I don't spend call time asking rich donors to throw big dollar fundraisers or underwrite my campaign. My call time is spent with grassroots donors, thanking them for chipping in whatever they can. Mind if I make just a few more? pic.twitter.com/TDo9EkNpA1— Elizabeth Warren (@ewarren) October 15, 2019
And y’all: Elizabeth Warren once called out a former employer for sexually harassing her … at his funeral.
She had been asked to eulogize longtime UH law professor Eugene Smith, who, as head of the faculty hiring committee in 1978, had been an early Warren champion, urging colleagues to look past her limited teaching experience and what some perceived as her second-rate Rutgers Law School degree.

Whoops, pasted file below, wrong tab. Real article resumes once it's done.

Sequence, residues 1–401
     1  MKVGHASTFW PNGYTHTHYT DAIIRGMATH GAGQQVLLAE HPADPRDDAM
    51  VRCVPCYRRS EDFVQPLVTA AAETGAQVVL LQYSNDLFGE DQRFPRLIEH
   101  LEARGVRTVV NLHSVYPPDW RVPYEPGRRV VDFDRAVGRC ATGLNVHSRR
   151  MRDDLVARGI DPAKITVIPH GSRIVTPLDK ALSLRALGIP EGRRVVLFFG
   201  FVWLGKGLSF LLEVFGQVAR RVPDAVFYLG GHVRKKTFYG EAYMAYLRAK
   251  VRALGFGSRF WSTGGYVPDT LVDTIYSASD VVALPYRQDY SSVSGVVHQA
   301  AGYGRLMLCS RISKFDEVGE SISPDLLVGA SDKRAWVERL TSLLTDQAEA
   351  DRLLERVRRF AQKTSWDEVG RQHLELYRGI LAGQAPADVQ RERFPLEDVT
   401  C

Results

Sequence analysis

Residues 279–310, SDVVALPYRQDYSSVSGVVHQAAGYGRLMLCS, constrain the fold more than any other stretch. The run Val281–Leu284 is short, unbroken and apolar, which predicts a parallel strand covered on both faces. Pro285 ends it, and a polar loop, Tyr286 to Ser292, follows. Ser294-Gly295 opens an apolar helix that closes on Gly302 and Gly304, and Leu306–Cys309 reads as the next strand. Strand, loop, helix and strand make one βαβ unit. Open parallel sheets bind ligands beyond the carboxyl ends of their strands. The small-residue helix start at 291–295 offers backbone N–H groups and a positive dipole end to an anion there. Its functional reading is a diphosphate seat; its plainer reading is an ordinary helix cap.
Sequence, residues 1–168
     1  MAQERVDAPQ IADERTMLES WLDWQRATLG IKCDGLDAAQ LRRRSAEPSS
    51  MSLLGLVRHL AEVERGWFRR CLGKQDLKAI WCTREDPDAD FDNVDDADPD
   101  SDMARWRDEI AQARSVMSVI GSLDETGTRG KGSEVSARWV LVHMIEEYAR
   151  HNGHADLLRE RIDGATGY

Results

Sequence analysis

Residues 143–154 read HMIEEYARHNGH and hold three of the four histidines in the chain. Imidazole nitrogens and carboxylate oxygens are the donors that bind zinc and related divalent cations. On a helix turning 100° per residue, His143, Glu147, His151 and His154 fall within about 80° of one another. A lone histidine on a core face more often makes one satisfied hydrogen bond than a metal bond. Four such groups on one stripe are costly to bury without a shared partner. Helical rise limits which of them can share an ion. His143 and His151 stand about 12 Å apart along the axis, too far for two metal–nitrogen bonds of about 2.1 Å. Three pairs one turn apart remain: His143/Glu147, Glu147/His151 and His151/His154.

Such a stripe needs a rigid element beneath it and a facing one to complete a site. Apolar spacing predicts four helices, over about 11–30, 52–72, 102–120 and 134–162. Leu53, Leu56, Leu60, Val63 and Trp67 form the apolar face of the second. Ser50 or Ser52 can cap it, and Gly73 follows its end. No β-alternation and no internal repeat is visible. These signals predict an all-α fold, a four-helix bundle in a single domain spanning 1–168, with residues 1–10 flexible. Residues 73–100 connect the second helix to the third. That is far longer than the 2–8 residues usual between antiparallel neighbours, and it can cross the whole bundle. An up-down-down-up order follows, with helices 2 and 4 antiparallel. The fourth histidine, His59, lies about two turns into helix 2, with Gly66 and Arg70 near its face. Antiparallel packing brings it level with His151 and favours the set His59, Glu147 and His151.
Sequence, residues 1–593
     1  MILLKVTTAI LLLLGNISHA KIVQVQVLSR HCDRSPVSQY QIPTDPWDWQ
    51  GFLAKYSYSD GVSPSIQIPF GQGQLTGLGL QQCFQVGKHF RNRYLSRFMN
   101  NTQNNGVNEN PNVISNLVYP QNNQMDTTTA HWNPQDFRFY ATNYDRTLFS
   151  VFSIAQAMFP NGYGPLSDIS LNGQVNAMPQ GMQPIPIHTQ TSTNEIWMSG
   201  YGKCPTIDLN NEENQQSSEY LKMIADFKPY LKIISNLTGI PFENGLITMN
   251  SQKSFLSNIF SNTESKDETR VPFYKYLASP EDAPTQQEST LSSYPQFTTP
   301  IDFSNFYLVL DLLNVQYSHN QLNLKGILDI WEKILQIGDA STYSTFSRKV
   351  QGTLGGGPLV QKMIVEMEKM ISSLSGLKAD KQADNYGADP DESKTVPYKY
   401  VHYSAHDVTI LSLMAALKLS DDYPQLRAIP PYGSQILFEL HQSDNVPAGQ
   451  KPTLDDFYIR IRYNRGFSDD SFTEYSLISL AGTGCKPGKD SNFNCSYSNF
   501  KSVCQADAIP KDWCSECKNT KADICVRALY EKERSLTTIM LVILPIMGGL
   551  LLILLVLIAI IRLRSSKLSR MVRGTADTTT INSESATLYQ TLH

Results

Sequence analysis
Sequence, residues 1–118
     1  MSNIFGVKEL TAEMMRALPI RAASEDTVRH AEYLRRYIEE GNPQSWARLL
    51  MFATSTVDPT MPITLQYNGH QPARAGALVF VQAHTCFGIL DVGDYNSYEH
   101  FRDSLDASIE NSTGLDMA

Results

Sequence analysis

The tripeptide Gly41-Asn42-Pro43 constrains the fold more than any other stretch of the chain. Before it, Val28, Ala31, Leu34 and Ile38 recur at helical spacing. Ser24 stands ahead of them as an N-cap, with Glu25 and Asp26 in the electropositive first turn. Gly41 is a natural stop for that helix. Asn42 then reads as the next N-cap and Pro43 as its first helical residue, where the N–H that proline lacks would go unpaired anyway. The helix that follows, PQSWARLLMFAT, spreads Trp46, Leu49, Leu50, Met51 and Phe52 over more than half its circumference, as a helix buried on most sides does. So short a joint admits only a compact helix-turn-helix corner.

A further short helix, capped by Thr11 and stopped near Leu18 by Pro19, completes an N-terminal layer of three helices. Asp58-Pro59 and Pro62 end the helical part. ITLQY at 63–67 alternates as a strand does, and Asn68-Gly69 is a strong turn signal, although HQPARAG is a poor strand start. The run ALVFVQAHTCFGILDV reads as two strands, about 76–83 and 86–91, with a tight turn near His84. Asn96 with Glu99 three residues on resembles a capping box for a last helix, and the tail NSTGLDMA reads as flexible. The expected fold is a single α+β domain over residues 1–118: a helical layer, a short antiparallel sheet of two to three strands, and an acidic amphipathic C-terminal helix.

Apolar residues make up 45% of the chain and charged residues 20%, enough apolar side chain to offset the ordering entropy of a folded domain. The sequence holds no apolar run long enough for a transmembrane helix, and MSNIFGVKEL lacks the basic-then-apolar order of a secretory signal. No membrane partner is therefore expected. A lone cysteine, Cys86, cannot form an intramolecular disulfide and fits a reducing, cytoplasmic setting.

Smith, who died of complications from the polio he contracted as a child, had specifically requested that Warren speak at his funeral. But what she said inside a small campus chapel stunned her former colleagues.
With a smile on her face and humor in her voice, Warren described how Smith had invited her to his office one day just a few months after she had been hired. He shut the door and lunged for her, she said, and as she protested, he chased her around his desk before she was able to escape out the door.